A Quicker, Better ER

A Quicker Better ER

Providing better care when you need it most

The emergency room (ER) can be an extremely busy place. The Centers for Disease Control and Prevention found that there are 136.3 million emergency department visits each year in the United States, with the south having one of the highest population-based visit rates. With such high volume, patients can easily feel lost or forgotten in the crowd.

“At the end of the day, all patients really care about is getting quality care within a reasonable time frame,” said Michael Waterman, division director, performance excellence at KentuckyOne Health. “While we were having some successes, we knew we could improve and that our patients deserved better.”

A look at the ER data from all KentuckyOne Health facilities revealed opportunities to improve care and enhance the patient experience. One of the most telling numbers came from the “left without being seen” (LWBS) rates – a number that represents patients who leave the ER before getting help due to long waits.

“The worst kind of care is no care at all,” Waterman said. “Our LWBS rates showed that people from our communities were coming in and leaving before we could get to them. That wasn’t acceptable, and we knew there had to be a better way.”

Reducing Wait Times

In  February 2016, the first KentuckyOne Health facility, Sts. Mary & Elizabeth Hospital, began its ER redesign with $9 million from the Jewish Hospital and St. Mary’s Foundation. The process started by bringing in consultants who had worked with more than 200 ERs across North America.

“We saw where there were certain holes in our processes that provided us with opportunities for improvement,” Waterman said. “We just needed a tried-and-true template to get us moving in the right direction.”

After seeing improved outcomes within the Sts. Mary & Elizabeth Hospital ER, the decision was made in March to begin redesigning the ER in each KentuckyOne Health facility. Every ER went through a four-day process to initiate the transformation.

Day 1: Analysis

The hospital supplied a multidisciplinary team to analyze the current state of their ER. They reviewed what was done well, what could be improved upon and future goals.

Then, the department went through a “lean” process, where the team examined their current procedures and pointed out any step that didn’t add any value or contribute to meeting patients’ needs.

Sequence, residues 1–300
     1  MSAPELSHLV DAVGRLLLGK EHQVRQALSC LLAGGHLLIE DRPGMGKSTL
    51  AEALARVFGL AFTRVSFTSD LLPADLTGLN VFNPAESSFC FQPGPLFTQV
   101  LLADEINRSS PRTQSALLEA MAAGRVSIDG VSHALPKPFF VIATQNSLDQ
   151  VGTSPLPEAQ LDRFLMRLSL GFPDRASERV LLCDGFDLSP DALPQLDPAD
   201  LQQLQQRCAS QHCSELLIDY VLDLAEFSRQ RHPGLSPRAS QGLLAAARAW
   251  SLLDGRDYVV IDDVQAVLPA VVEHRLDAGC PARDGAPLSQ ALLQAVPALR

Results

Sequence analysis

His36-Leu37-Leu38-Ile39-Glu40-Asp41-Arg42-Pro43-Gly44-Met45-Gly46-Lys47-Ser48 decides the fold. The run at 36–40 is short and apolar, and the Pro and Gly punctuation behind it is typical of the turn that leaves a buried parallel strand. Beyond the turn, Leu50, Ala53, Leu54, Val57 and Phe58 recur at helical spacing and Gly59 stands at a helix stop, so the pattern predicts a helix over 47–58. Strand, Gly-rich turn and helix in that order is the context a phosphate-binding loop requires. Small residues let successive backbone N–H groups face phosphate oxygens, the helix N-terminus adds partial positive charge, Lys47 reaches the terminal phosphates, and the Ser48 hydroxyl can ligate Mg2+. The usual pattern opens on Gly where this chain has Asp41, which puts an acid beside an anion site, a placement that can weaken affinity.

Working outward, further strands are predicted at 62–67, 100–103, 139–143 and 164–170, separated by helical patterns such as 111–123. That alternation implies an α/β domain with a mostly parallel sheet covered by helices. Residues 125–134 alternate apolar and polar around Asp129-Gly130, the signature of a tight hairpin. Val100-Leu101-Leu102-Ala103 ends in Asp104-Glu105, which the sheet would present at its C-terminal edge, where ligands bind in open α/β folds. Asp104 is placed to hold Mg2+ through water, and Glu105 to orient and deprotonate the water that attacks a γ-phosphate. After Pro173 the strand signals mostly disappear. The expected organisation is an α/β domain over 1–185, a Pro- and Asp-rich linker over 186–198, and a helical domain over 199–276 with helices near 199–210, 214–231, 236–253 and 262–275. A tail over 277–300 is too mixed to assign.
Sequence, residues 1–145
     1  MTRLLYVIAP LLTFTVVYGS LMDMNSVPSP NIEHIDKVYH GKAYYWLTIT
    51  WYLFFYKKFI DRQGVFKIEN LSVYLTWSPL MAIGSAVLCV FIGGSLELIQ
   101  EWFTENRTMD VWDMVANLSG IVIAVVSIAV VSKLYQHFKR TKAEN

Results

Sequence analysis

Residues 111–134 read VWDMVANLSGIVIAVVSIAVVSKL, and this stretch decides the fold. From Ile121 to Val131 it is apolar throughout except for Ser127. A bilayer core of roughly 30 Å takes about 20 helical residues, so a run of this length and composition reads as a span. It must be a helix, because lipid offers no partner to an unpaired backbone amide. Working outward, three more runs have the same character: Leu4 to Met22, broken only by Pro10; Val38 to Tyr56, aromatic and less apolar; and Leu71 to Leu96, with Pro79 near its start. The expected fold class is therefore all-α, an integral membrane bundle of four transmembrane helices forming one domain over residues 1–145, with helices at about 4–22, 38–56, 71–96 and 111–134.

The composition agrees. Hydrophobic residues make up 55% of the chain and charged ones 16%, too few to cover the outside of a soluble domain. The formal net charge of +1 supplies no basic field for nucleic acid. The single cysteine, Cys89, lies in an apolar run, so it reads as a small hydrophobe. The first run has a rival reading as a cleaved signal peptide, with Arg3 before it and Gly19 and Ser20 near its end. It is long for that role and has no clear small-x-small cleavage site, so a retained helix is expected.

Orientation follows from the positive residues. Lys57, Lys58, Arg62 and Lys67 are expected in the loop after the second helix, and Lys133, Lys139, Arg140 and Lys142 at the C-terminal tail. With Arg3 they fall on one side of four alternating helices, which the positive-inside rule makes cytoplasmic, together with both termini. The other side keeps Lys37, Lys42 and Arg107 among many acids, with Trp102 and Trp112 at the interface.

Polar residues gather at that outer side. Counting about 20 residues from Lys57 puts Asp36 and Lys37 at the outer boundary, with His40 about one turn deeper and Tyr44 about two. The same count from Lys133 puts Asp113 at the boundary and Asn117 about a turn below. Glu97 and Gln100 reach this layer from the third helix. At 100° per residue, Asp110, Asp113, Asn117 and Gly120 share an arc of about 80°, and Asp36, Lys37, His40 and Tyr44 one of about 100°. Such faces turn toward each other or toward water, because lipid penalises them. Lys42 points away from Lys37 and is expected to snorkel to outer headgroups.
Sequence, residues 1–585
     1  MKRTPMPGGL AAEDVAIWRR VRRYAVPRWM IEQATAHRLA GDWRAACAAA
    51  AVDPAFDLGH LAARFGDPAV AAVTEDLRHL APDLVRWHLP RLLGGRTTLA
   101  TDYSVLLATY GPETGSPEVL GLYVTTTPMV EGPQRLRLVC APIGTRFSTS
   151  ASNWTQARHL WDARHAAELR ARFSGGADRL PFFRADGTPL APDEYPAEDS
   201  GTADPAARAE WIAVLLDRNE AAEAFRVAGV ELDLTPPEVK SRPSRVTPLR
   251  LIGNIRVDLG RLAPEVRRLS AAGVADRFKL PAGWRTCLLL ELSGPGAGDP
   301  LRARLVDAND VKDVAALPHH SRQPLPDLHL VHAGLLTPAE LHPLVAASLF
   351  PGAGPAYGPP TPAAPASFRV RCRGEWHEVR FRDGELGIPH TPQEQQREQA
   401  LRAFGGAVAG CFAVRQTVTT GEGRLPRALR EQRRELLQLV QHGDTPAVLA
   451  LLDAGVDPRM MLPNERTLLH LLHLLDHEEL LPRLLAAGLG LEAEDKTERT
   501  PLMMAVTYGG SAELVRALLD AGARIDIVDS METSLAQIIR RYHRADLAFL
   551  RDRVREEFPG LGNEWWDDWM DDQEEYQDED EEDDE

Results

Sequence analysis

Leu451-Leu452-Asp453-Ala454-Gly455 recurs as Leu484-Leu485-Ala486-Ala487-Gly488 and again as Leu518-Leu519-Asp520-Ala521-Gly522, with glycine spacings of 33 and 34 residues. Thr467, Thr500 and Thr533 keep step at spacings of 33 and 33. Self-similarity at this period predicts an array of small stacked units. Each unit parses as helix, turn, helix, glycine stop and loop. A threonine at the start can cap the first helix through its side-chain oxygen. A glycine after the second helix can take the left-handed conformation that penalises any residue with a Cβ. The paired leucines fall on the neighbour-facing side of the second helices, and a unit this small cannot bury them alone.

“When we sent the teams to review their own processes, it quickly became apparent that many of the steps, such as asking people for their information multiple times, were adding no value,” Waterman said. “By cutting this waste, we could drastically reduce the time necessary to see patients, treat them and send them on their way.”

Day 2: Redesign

The redesign process was modeled after the Sts. Mary & Elizabeth Hospital ER. However, each site modified the original plan to make it better match their setup. These modifications came from feedback from every member of the department. At Jewish Hospital and Sts. Mary & Elizabeth Hospital, Jewish Hospital and Sts. Mary’s Foundation provided funding for expansions and remodeling.

“All team members were involved with tweaking the processes to match their site,” said Jennifer Nolan, president, Sts. Mary & Elizabeth Hospital and Our Lady of Peace. “this wasn’t something that was being done to them by some outside force. It was an opportunity to control their own future as a department.”

Days 3 & 4: Testing

Once the redesigned process was created, the hospital teams tested it. Modifications were made as needed and then the entire process was tested again.

“A great part of this process is we collected data in real time,” Nolan said. “So we could immediately see if our goals were being met and then make process changes, if necessary.”

In the Future

The results of this four-day process across the entire system have been promising.

“Based on some preliminary data, we can see patients’ experiences are improving,” Waterman said. “Regarding LWBS, we have seen a range of results with reduction from 15 to 63 percents. The time from when a patient arrives to seeing a provider [physician or nurse practitioner] has decreased 38 percent on average across all our locations. The length of stay is also down by an average of 17 percents, and in some locations, it’s been reduced more than 30 percent.”

Regardless of how things are going, the ER teams meet every day to discuss the previous day’s performance and ideas of how to continuously improve.

“The future only looks brighter for our ERs,” Waterman said. “We allowed those in the department to make the process their own and put structures in place to provide them help and suggestions when they need it.”

This article originally appeared in the Fall 2016 edition of One Health Magazine. For the latest news on KentuckyOne Health, visit our News Center and read more about our 30-minute ER pledge.


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